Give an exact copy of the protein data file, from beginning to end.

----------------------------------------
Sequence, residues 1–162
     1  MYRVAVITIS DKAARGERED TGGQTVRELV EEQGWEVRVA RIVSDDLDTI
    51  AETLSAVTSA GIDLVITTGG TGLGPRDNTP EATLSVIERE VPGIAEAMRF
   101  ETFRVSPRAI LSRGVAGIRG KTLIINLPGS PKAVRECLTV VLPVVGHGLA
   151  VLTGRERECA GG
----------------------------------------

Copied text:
Sequence, residues 1–162
     1  MYRVAVITIS DKAARGERED TGGQTVRELV EEQGWEVRVA RIVSDDLDTI
    51  AETLSAVTSA GIDLVITTGG TGLGPRDNTP EATLSVIERE VPGIAEAMRF
   101  ETFRVSPRAI LSRGVAGIRG KTLIINLPGS PKAVRECLTV VLPVVGHGLA
   151  VLTGRERECA GG